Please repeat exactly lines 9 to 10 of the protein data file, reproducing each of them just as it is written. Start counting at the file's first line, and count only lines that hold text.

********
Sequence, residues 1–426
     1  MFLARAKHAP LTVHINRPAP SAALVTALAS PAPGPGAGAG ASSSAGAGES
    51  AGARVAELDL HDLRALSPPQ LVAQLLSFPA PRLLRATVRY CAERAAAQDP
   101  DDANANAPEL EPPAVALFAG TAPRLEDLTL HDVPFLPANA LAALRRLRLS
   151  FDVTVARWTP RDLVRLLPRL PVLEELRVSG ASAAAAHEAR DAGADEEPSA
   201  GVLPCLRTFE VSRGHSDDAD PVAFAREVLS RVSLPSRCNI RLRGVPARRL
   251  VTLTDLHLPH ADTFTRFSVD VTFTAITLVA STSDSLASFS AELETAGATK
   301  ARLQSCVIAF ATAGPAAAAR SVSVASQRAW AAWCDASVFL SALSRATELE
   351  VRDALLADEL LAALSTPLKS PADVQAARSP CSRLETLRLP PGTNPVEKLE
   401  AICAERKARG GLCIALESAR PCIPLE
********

   351  VRDALLADEL LAALSTPLKS PADVQAARSP CSRLETLRLP PGTNPVEKLE
   401  AICAERKARG GLCIALESAR PCIPLE